One letter from you can reach thousands of people and will also likely be read by decision-makers.
Tips and talking points are below, but please write in your own words, from your own experience. Don’t try to include all the talking points in your letter.
Start by thanking the paper for this article.
The USFWS should move forward with allowing new wolves to be released throughout the Blue Range Wolf Recovery Area. The Mexican gray wolf is the most endangered mammal in the U.S. with only about 83 in the wild. Additional populations of Mexican wolves are necessary to their recovery and genetic health, as is the ability for wolves to move between populations. Numerous wolves are in captive breeding facilities around the country, prepared for, and awaiting, release.
The alternative endorsed by AZ Game and Fish shows why wolves need federal protections. Scientists have said that far more wolves are needed for the Mexican gray wolf to achieve recovery. AZ Game and Fish’s proposal would keep the number artificially low, and allow endangered wolves to be killed for a much broader range of reasons than is currently allowed.
Wolves need freedom from boundaries. Given room to roam, the wolves will establish themselves in suitable areas with adequate game. The USFWS proposal does not allow wolves to establish new packs and populations in additional areas that are essential to their recovery. Capturing and moving wolves because they roam beyond an artificial boundary is always a risky business that can result in death or trauma to the wolf.
Wolves once lived throughout Arizona and New Mexico and played a critical role in keeping the balance of nature in place. We need to restore this important animal that has been missing for too long. Wildlife biologists believe that Mexican wolves will improve the overall health of the Southwest and its rivers and streams — just as the return of gray wolves to Yellowstone has helped restore balance to its lands and waters.
The USFWS should designate Mexican gray wolves as essential. The 83 wolves in the wild have up to four generations of experience in establishing packs and raising pups and are over 22% of all of the Mexican wolves in the world. The fourth generation wild lobos are not expendable and are essential to recovering this unique subspecies of wolf. By labeling all of the wild wolves as “nonessential” the USFWS ignores science and the reality of 16 years of experience with reintroducing wolves.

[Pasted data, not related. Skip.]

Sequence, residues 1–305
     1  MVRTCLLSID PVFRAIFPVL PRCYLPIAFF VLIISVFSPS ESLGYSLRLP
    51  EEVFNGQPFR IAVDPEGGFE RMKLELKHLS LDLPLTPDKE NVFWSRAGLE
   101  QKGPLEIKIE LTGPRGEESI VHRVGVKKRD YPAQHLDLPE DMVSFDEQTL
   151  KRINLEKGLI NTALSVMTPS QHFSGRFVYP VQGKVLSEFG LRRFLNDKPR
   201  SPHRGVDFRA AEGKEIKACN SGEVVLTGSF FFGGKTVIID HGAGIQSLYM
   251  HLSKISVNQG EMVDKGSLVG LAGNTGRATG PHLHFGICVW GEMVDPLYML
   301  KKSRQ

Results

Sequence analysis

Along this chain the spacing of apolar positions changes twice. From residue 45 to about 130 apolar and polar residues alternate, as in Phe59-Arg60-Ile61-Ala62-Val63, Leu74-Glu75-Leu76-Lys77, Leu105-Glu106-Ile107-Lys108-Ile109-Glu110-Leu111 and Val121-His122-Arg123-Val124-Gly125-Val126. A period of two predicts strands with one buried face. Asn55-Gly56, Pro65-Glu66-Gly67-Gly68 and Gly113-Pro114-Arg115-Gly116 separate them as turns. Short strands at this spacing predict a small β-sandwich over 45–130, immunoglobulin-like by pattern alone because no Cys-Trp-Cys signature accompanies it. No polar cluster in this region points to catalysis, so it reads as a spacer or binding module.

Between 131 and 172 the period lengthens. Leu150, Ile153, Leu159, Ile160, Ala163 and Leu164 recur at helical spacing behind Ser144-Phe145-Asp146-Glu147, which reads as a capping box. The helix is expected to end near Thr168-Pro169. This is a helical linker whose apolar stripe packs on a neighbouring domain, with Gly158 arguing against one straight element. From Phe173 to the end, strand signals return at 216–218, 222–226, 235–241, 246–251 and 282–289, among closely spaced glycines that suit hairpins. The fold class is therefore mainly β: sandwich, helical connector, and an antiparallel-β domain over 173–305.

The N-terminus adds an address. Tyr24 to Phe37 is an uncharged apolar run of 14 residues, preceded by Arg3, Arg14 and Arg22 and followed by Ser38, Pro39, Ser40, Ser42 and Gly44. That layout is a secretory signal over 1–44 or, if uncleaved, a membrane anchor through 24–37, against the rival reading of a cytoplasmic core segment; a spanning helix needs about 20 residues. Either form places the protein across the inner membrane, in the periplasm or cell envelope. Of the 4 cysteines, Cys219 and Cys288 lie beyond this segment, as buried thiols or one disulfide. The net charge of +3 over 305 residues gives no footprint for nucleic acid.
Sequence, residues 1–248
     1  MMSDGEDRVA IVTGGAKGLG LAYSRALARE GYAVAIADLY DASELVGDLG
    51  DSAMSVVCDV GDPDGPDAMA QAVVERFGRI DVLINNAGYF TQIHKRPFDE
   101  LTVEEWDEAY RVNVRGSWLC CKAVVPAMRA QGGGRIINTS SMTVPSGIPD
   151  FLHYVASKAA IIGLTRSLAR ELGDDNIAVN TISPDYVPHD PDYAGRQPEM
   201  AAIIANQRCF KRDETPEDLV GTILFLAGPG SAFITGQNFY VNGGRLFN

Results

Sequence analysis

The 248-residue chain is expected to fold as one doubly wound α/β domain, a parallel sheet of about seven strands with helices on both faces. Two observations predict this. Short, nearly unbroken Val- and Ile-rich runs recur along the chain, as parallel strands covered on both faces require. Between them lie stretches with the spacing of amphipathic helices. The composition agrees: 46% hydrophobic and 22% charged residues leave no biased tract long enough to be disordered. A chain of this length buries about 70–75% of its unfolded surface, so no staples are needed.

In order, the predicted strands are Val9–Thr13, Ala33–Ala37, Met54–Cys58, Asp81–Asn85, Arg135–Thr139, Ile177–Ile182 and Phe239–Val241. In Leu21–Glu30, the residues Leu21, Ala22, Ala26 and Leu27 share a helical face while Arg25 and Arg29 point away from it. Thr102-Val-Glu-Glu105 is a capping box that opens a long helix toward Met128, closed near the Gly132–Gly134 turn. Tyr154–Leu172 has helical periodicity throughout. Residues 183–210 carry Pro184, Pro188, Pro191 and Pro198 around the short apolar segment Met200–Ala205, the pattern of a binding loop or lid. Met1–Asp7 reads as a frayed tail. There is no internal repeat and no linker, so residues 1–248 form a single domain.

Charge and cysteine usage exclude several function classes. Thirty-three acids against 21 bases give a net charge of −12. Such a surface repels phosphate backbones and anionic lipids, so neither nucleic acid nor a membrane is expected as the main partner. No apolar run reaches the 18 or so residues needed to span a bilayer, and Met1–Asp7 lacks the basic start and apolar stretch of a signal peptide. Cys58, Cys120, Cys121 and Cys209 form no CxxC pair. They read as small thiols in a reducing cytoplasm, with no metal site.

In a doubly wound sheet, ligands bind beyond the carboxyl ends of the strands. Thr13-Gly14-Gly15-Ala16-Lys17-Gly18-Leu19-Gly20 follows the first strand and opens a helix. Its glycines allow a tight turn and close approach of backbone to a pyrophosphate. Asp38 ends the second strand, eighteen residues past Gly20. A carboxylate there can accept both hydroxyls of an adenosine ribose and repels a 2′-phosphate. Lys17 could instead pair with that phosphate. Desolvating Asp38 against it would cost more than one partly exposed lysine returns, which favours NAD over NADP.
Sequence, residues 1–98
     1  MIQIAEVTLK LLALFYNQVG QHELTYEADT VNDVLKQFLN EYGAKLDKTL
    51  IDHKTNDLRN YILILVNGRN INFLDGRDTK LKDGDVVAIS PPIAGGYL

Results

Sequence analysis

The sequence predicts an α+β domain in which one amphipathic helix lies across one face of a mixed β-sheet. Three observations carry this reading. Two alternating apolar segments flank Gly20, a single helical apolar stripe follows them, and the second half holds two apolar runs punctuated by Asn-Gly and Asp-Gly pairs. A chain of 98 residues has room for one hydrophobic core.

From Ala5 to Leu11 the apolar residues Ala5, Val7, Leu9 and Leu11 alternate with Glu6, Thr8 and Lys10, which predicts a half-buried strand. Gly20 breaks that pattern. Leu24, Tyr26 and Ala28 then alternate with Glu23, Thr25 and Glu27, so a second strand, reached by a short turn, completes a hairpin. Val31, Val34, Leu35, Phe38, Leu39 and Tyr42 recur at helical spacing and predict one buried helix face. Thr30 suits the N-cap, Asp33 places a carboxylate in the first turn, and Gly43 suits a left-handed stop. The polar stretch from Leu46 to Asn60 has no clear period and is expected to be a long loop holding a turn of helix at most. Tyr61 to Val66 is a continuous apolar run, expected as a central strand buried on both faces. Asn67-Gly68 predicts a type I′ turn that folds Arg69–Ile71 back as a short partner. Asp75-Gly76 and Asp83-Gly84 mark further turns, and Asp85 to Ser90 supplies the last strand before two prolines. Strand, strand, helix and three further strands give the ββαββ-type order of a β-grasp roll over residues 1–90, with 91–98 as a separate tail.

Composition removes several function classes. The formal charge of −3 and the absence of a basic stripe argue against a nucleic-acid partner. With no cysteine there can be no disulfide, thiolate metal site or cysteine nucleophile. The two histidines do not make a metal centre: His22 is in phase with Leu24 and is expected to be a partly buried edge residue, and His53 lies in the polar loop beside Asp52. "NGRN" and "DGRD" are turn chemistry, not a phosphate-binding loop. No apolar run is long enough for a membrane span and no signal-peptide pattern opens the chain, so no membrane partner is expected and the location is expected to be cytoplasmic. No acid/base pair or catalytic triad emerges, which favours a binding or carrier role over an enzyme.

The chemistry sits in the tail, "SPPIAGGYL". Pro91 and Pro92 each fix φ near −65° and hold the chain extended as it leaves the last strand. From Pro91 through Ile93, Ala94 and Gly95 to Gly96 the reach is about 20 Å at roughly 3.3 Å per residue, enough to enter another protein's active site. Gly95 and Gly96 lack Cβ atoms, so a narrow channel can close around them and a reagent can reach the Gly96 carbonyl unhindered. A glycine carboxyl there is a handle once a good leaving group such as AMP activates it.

The USFWS needs to quit stalling and complete a comprehensive recovery plan. USFWS admits that their 1982 recovery plan is not scientifically sound and does not meet current legal requirements — yet in its proposed rule USFWS continues to emphasize a woefully inadequate population of only 100 wolves in the wild.
Arizona Game and Fish is once again trying to obstruct Mexican wolf recovery with this “alternative”. AZ Game and Fish should honor its responsibility to all of Arizona’s wildlife and citizens by supporting rule changes that promote Mexican wolf recovery instead of hindering it.
Polling showed 77% of Arizona voters and 69% of New Mexico voters support the Mexican wolf reintroduction.
Make sure you:
- Thank the paper for publishing this article.
- Include something about who you are and why you care: E.g. “I am mother, outdoors person, teacher, business owner, scientific, religious, etc.)
- Provide your name, address, phone number and address. The paper won’t publish these, but they want to know you are who you say you are.
Click here to contact decision makers to influence US Fish and Wildlife to include in the rule change only the things that will contribute to the long-term recovery of Mexican gray wolves.
Click here to join our email list for Mexican gray wolf updates and action alerts.
Visit us on Facebook here.